THURMONT, Md. — In the process of arresting a 19-year-old on murder charges, Frederick County law enforcement officials say they may have foiled a planned "mass shooting or mass casualty event."
While executing search warrants on 19-year-old Joshua David Eckenrode's home, police recovered nine guns, including an AR-15 and a shotgun, two live explosive devices, a tactical vest and a note to family apologizing for "having to go out this way."
Eckenrode was initially arrested Tuesday on charges of possession of explosive material and weapons, but on Wednesday he was charged with first-degree murder and use of a firearm in the death of 19-year-old Curtis Mason Smith, who was found dead in a car Sunday afternoon after being reported missing several days earlier.
In charging documents, Detective Josh Stears said Eckenrode's name came up during his investigation of Smith's disappearance, as someone Smith was reportedly meeting up with on the day he was last seen. Stears and Detective Tyler Deatrich met Eckenrode at an apartment in Thurmont, Maryland Monday and questioned him regarding his last communication with Smith. According to charging documents, Eckenrode told detectives that Smith was a former classmate, who was possibly going to sell his car to Eckenrode. Smith and Eckenrode were both graduates of Governor Thomas Johnson High School in Frederick.
Eckenrode admitted to the detectives that he met with Smith on March 19, the day he was reported missing, between 9 and 10 a.m. at Eckenrode's mother's house on Bethel Road. The detectives continued questioning Eckenrode about the intended purpose of his meeting with Smith, before Eckenrode finally asked to call his mom.
"During the interview at this time, Detective Deatrich noticed Eckenrode to be breathing heavily, and his rapid pulse was observed in his neck," Stears wrote in the charging documents. "Several times during the interview with Eckenrode, he did not answer questions and would look away. All of the body language that Eckenrode displayed showed that he was extremely uncomfortable during the interview."
Detectives detained Eckenrode Monday night, and executed two search and seizure warrants at both the Bethel Road residence and the apartment in Thurmont where detectives initially questioned him.
At the Thurmont apartment, detectives recovered eight firearms, including four 9mm handguns, a .380 pistol, an AR-15 rifle, an AT-15 rifle and a .22 revolver.
From the Frederick County Statement of Charges: "THE 8 REGULATED FIREARMS LOCATED INCLUDE: POLY809MM HANDGUN WITH A FULL 15 ROUND MAGAZINE, RUGER LCP2 .380 PISTOL WITH 5 MAGAZINES, ZIGANA 9MM PISTOL WITH LOADED MAGAZINE, SPRINGFIELD ARMORY XD ELITE9MM WITH 4 LOADED MAGAZINES, AERO PRECISION MODEL X15 AR-15 RIFLE, AMERICAN TACTICAL AT-15 RIFLE, HERITAGE .22 CALIBER REVOLVER, POLY80 9MM HANDGUN WITH FOUR 15-ROUND MAGAZINES."
They also found "possible bomb-making materials, to include, fuses, broken off tips of matches, gunpowder, and tanerite" two assembled explosive devices and a note addressed to Eckenrode's sister, mom and dad with his apologies for "having to go out this way."
"There was also a plan of action written detailing guns strategically stored in different 'Stages' at an unknown location," Stears wrote in the charging documents. "The above mentioned evidence was consistent with Eckenrode possibly intending on committing a mass shooting and/or mass casualty event."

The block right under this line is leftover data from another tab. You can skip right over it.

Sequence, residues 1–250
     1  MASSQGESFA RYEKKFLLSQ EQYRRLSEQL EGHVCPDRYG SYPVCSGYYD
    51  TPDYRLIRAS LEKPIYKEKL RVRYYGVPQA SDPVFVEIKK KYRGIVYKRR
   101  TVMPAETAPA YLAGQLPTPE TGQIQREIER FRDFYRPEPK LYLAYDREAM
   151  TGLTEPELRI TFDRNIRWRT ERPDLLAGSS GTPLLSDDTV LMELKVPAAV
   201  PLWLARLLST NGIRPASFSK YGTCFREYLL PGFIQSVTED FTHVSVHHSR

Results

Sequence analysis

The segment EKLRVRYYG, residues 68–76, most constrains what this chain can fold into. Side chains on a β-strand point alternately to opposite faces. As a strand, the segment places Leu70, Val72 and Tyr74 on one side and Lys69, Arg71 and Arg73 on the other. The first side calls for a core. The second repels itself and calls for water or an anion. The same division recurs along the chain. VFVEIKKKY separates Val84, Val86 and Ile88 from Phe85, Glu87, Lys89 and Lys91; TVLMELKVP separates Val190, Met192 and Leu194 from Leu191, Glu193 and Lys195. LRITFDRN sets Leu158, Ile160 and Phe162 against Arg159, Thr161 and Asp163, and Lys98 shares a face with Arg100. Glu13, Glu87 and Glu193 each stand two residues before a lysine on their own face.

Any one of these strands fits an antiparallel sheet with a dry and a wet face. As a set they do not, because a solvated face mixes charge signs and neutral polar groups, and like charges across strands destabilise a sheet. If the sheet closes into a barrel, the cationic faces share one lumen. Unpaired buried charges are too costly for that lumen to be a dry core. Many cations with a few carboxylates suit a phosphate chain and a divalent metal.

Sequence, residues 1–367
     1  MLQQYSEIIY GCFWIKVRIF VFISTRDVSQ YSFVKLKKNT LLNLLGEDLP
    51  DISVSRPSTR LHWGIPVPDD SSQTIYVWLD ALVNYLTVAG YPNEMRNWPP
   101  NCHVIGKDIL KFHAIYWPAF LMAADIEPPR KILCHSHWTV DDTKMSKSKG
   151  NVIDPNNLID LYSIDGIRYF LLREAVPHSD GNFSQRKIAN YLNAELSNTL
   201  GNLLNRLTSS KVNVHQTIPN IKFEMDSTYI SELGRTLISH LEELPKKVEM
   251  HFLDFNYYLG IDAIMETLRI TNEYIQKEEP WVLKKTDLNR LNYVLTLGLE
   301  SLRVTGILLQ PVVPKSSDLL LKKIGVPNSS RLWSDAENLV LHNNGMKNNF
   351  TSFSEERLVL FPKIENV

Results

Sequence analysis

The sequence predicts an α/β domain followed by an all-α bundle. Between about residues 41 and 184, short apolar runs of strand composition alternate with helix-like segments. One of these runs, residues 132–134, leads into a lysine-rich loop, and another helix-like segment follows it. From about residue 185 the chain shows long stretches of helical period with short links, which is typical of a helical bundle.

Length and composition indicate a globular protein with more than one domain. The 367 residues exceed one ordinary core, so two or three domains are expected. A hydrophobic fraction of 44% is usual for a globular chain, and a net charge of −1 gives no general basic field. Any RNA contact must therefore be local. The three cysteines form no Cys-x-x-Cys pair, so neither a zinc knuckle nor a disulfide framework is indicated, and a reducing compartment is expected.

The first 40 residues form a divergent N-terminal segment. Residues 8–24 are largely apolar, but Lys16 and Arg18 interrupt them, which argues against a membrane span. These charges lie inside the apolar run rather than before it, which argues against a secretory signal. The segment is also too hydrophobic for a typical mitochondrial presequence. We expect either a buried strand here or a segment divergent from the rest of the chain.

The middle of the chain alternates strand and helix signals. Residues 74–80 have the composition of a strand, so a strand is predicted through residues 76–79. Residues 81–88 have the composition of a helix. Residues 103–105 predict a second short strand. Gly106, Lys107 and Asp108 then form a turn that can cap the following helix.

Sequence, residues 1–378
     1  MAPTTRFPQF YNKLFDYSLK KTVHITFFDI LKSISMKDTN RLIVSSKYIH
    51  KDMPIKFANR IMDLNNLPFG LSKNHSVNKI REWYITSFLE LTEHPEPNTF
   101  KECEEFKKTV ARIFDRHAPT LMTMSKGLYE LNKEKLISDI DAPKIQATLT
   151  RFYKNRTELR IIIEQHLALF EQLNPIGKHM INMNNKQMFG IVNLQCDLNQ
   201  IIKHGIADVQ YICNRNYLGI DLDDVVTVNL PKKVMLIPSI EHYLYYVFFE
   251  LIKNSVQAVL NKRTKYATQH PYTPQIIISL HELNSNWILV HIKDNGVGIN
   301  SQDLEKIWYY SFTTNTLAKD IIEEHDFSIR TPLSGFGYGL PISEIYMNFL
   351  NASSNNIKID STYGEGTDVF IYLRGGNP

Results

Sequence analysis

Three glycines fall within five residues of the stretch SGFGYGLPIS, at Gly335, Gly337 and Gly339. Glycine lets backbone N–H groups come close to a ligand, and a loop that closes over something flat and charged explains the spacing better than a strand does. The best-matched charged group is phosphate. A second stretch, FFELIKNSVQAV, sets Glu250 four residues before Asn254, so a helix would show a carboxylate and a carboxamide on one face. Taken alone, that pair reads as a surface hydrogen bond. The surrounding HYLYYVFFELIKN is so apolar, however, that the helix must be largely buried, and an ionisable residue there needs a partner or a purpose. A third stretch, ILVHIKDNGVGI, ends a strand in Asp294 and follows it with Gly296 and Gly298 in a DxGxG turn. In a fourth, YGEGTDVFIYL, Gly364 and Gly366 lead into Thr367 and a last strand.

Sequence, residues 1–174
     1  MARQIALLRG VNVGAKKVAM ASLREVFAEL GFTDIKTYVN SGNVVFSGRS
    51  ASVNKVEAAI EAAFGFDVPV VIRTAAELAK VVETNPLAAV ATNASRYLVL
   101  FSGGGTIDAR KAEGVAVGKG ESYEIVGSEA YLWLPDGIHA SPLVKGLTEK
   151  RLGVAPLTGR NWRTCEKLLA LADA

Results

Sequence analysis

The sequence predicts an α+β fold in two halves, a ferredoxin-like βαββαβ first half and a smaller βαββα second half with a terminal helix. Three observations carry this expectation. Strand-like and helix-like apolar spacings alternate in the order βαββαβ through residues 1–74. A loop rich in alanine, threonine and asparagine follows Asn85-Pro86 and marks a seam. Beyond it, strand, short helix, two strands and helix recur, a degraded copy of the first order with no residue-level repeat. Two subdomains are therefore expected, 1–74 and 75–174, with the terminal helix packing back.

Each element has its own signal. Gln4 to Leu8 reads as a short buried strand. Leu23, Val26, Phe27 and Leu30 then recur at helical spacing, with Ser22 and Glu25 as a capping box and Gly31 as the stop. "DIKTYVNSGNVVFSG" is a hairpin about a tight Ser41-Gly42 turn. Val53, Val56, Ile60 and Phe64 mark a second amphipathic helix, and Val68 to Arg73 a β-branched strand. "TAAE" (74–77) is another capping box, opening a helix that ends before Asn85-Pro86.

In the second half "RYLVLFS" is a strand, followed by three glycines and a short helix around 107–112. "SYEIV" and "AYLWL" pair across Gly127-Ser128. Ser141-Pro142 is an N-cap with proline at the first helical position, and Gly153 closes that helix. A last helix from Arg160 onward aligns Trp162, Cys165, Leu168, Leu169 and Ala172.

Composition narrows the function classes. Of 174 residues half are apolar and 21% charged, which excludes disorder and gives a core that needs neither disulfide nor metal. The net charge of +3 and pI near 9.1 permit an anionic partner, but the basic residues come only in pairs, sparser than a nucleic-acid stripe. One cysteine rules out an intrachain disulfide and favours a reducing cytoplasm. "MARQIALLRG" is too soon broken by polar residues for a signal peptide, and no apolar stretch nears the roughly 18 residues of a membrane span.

During the search of the Bethel Road home on Tuesday morning, detectives recovered a tactical vest, tactical gun holsters, small bits of Styrofoam, flares, a box of firecrackers taped together and a shotgun from what the charging documents identified as "Eckenrode's bedroom."
The search also uncovered a large red spot next to a car in the driveway, later determined to be human blood, and trash bags filled with cleaning wipes, blood-soaked towels, and clothing, including a blood-soaked sweatshirt that Smith was believed to be wearing the day he disappeared.
"I went to the movies Friday around 1 and got back around 4 and saw the boy hosing the driveway down," neighbor Dennis Pesuti told WUSA9's Delia Goncalves.
Based on that evidence, cell phone records and interviews with multiple friends of Eckenrode and Smith, Eckenrode was charged with first-degree murder and firearm use in a violent crime.
A friend of Eckenrode, who asked to remain anonymous, described him as a person who "didn't like it when you disagreed with him."
"He would get mad really quick," the friend said. "He's gone through counseling at school before."
The friend called the why behind the crime a mystery.
Frederick County Sherriff Chuck Jenkins said the incident has been tragic for the entire county.
"There's no reason whatsoever why a 19 year old should take the life of another 19 year old," Jenkins said. "The victim, in this case, was a bright young guy, a good student, with a great future ahead of him."
Jenkins expanded on what he called the "suicide-type note" his detectives found during the search and seizure and what details it gave about Eckenrode's plans for a mass casualty event.
"The notes were ... basically vague information about potential plans to carry something out," he said. "What that event was, what that mass casualty event may have been, we have no idea."
The sheriff said he had "no reason to believe" that Eckenrode and Smith were involved in planning a mass casualty event together.
"I don't believe for a minute that they were involved together in any of this thing that we're talking about such as any type of mass event," Jenkins said. "It's all over the county. Everybody just doesn't know why. What was the motive, what was the reason?"
Smith's sister told WUSA9 that her family is "asking for prayers" but that they're not prepared to speak publicly, right now.